Turner Contemporary, Margate
Kent, England
28 January – 7 May 2017

Frances Morris, Director of Tate Modern opens the exhibition which celebrates making processes through an all-woman line up of artists:

Caroline Achaintre | Anni Albers | Ghada Amer | Paola Anziché | Hrafnhildur Arnardóttir / Shoplifter | Phyllida Barlow | Marion Baruch | Karla Black | Margrét H. Blöndal Regina Bogat | Louise Bourgeois | Geta Brătescu | Sonia Delaunay | Laura Ford  Ximena Garrido-Lecca | Sonia Gomes | Mona Hatoum | Marianne Heske | Eva Hesse | Sheila Hicks | Susan Hiller | Maureen Hodge | Christiane Löhr | Kate MccGwire | Annette Messager | Rivane Neuenschwander | Ann Cathrin November Høibo | Lucy + Jorge Orta | Arna Óttarsdóttir | Maria Papadimitriou | Sidsel Paaske | Anna Ray | Maria Roosen | Hannah Ryggen | Betye Saar | Judith Scott | Samara Scott | Kiki Smith | Aiko Tezuka | Rosemarie Trockel | Tatiana Trouvé | Francis Upritchard | Joana Vasconcelos Ursula von Rydingsvard 

Entangled: Threads & Making brings together over 40 international artists from several generations who explore a diverse range of materials and techniques. All the artists in the exhibition share an intense curiosity about their chosen materials – from the traditional to the unexpected – and embrace the act of making by hand. 
Entangled is curated by writer and critic Karen Wright, who was fascinated by the making processes she observed during visits to contemporary artists’ studios. These visits gave rise to the idea for an exhibition tracing the impact of 20th century pioneers of tapestry and textiles on artists working today. Quickly evolving into an all-woman line up, the selection of artists reflects a vibrant tendency in contemporary art-making by women in which experimentation with materials is central. 
Victoria Pomery OBE, Turner Contemporary Director, comments:
“At a time when women’s rights across the world are under threat, this is an extremely timely exhibition. Inventive, curious and experimental, all of the artists in this exhibition demonstrate innovation and creativity. The pioneering steps taken by several of the 20th century women artists in this exhibition have had huge influence on the work of successive generations, allowing contemporary artists to challenge boundaries even further.”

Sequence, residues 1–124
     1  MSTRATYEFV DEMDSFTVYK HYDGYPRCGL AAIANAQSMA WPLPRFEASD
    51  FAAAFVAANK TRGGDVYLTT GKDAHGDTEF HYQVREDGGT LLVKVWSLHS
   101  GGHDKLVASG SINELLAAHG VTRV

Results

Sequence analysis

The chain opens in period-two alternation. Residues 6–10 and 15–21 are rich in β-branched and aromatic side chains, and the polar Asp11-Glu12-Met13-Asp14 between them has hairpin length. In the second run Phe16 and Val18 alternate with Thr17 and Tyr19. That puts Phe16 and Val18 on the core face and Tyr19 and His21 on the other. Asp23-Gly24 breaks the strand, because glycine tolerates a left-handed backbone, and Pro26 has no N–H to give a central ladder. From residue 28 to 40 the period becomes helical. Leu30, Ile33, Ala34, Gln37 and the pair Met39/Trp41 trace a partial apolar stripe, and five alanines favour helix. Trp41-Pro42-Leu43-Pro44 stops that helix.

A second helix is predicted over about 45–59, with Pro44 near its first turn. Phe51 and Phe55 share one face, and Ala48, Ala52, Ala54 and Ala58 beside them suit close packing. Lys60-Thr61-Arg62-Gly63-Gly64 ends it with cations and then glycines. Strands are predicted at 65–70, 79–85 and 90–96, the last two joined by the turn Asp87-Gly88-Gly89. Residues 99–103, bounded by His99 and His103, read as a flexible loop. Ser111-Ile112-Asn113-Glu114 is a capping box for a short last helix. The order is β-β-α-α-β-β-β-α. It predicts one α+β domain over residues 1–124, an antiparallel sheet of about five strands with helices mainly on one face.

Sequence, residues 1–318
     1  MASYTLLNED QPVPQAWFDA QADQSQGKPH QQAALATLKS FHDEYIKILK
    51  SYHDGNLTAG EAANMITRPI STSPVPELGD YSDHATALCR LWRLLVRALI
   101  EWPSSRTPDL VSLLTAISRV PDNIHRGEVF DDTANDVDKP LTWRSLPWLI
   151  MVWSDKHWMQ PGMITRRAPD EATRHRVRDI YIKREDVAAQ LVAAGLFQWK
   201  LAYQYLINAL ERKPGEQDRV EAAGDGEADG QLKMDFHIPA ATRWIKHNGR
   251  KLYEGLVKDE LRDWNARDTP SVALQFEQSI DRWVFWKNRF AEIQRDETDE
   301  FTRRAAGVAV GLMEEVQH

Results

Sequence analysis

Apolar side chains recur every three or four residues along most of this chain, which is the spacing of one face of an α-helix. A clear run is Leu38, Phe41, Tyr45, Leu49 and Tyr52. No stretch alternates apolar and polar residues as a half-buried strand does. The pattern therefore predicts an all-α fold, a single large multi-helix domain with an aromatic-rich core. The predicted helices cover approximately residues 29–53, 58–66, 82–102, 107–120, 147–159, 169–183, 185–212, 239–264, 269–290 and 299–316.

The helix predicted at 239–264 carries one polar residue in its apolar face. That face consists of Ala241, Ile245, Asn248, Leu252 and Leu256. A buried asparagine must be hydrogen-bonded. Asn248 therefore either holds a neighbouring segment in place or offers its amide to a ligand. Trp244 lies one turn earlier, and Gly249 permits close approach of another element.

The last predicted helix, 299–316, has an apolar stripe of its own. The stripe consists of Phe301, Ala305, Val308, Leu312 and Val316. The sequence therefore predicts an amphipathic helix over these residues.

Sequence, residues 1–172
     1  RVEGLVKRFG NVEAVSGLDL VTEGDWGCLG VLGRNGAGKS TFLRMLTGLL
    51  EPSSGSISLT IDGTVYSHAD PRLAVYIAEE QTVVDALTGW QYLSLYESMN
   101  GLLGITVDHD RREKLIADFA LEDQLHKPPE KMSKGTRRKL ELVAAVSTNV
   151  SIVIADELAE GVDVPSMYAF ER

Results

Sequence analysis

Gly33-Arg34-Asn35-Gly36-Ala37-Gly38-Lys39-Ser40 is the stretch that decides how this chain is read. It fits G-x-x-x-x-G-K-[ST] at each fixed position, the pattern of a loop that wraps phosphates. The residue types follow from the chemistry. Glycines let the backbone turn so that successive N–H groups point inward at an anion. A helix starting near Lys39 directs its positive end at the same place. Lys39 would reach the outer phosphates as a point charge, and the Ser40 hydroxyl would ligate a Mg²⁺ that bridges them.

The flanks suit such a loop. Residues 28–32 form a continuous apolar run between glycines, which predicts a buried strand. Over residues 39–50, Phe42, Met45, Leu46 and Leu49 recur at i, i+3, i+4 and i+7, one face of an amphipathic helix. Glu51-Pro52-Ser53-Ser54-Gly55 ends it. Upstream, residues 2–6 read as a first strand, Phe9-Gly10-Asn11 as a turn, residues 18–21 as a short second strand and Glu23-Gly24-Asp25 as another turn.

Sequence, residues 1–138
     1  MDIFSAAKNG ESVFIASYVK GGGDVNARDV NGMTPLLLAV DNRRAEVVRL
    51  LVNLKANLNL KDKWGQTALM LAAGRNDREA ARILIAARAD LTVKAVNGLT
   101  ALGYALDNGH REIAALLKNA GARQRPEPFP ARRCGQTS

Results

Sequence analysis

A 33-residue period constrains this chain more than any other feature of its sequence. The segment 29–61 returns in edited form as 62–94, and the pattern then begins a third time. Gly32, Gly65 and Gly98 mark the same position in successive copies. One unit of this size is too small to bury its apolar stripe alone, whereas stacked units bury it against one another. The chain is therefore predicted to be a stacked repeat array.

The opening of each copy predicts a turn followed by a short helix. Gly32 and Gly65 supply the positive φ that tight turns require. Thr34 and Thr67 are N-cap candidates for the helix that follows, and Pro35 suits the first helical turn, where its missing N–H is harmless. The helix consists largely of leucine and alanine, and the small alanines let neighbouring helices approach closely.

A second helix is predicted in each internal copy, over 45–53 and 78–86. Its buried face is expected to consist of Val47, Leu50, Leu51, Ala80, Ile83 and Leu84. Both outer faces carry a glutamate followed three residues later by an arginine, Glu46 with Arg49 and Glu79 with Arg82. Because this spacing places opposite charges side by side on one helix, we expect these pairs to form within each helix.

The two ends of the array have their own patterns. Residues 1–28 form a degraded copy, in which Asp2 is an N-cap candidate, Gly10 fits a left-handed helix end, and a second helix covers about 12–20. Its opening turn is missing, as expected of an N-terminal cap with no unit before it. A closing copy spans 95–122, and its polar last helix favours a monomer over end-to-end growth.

In the exhibition, Anni Albers and Hannah Ryggen, whose radical approaches to weaving in the early-20th century remain a source of inspiration for artists today, are shown alongside younger artists playing with the traditions of tapestry such as Ann Cathrin November Høibo and Caroline Achaintre. New pieces made especially for the exhibition include Anna Ray’s striking Margate Knot (2017) – a site-specific work produced by Ray and a host of local Margate makers; and an installation by Samara Scott in the museum’s lift that uses a combination of carpet, food colouring and yoghurt to entirely its walls, creating an immersive and, in the words of the artist, “overwhelming experience” for visitors to get in and up close to. Other stand out pieces include Kiki Smith’s narrative tapestry Sky (2012); thread terror (2016), a vast new cedar sculpture made especially for Entangled by Ursula Von Rydingsvard; and Hand (2001), an iconic work by Louise Bourgeois.
Describing the influence of Louise Bourgeois on the generations of artists who have come since, Frances Morris stated:
“she was digging around at the point where mainstream met what could never at that time have been conceived of as art. We are now discovering that this is a fruitful place to look at creativity and innovation…. She redefined every engagement with the canon.”
Debates in 20th century art history have raised questions about the idea of a ‘feminine aesthetic’. Although using methods traditionally associated with ‘craft’ and ‘women’s work’, many of the artists in Entangled: Threads & Making, notably Eva Hesse and Louise Bourgeois, did not consider their work in terms of gender, with Hesse famously stating “excellence has no sex”. Nevertheless, the exhibition highlights women artists who have experimented and innovated through their approach to making and materials and who have frequently draw on the rich traditions of handwork and craft to create artworks that challenge established distinctions between fine and applied art.
Writing in an essay for the exhibition catalogue, the novelist Siri Hustvedt cautions of “a political moment when open misogyny has found a loud voice in American politics, when fantasies about the feminine Other have a renewed, contagious power, and a populist rhetoric of fury and fear have come to fascinate millions with a glamorous, if bitter, attraction…. When a woman lifts a brush to canvas or chips away at stone, builds or weaves an object or installation or dreams up a conceptual work, the resulting thing is not seen as an expression of the human condition but rather of woman’s second place in the culture as more physical than mental.”